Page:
Brown bans open carrying of handguns

With the announcement early Monday that he had outlawed the public display of handguns in California, Gov. Jerry Brown bucked a national trend toward more lenient firearms laws and placed himself in the political cross-hairs of the state’s 2nd Amendment activists.

Brown, the owner of three guns, said in a statement that he signed a bill banning the open carrying of handguns at the urging of law enforcement officials, who included Los Angeles Police Chief Charlie Beck. It will take effect Jan. 1.

“I listened to the California police chiefs,” the governor wrote.

California has allowed weapons to be displayed in public, provided they are not loaded. Gun enthusiasts took advantage of that to gather at Bay Area Starbucks outlets last year with pistols on their hips. Police chiefs and sheriffs complained that panicked customers’ calls were diverting them from chasing real criminals.


Sam Paredes, executive director of the advocacy group Gun Owners of California, said the ban could lead, paradoxically, to more carrying of handguns. Courts, he reasoned, could now force the state’s police to distribute more concealed-weapon permits to allow citizens to exercise their rights.

“This situation will be a catalyst to unite all of the gun community in lawsuits,” Paredes said. “The probable outcome is you will have far more people carrying concealed loaded guns as opposed to openly carrying unloaded guns.”

The open-carry prohibition was one of a clutch of bills the governor approved that stepped up gun control in California. One requires that sales records on long guns, including rifles, be kept by the state Justice Department to help solve crimes; another funds an aggressive campaign to get weapons held by felons off the streets.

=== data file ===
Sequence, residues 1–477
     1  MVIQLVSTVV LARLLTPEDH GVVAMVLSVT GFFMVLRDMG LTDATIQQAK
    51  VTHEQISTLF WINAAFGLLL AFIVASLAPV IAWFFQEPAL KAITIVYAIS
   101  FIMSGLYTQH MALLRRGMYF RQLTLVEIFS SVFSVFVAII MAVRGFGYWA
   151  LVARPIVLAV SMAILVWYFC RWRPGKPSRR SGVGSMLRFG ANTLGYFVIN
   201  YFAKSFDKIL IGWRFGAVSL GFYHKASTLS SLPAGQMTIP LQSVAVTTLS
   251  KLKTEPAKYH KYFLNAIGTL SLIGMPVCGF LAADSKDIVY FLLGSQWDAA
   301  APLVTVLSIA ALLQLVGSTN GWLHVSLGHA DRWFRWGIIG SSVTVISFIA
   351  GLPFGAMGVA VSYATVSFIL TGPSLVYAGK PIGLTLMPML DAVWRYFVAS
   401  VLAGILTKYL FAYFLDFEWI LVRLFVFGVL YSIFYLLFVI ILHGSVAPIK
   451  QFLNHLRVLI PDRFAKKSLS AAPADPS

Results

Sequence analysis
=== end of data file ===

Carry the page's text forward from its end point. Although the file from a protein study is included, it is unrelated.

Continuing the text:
By backing such measures, Brown is wading into a contentious national debate — and moving in a distinctly different direction from most of the country, according to organizations on both sides of the firearm debate.

Forty-two states allow open carry. Four recently passed laws permitting residents to tote guns anywhere, even into churches, bars and government buildings.

A host of other measures, such as Nevada relaxing requirements for concealed-weapon permits and Pennsylvania giving greater latitude for the use of firearms in self-defense, have been signed by the wave of Republican governors who swept into office last year.

Brown’s recent moves are the latest example of California forging its own path on gun regulations, said Brian Malte of the Brady Campaign to Prevent Gun Violence.

“Over the last few years, California is the only state where gun control laws are being enacted on a frequent basis,” he said.


But Assemblyman Jim Nielsen (R-Gerber), who voted against the open-carry ban in the Legislature, decried Brown’s actions, particularly because the governor recently made counties responsible for some criminals who in the past would have been sent to state prisons.

“The government’s responsibility to provide for public safety is faltering,” Nielsen said in a statement, “and now we’re impeding honest, law-abiding citizens from being able to exercise their constitutional rights to protect themselves and their families?”

Second Amendment activists say they want to remove the stigma that has become attached to guns by carrying their firearms during everyday activities. They contend that the practice is a throwback to pre-20th century society, in which it was criminals who hid their weapons and law-abiding citizens who advertised that they were packing heat.

To those whose job is enforcing laws, the practice is a dangerous anachronism.


“For law enforcement officers and community members, any type of weapon being carried, openly or concealed, could appear as a threat to their well-being and is regarded as a public safety threat,” Los Angeles County Sheriff Lee Baca said Monday. He joined Beck and other California police officials in supporting the measure.

The new law exempts peace officers, hunters and people attending gun shows or going to shooting ranges from its penalties of up to a year in prison and a $1,000 fine. It does not prohibit the public carrying of unloaded long-barrel weapons such as rifles — a silence that open-carry advocates say they will exploit.

Yih-Chau Chang, an open-carry practitioner in the Bay Area, said he was disappointed but not surprised by Brown’s action. He also said it would not stop him and others from publicly demonstrating their rights.

“Come Jan. 1,” he said, “you will see us out there carrying unloaded rifles and shotguns.”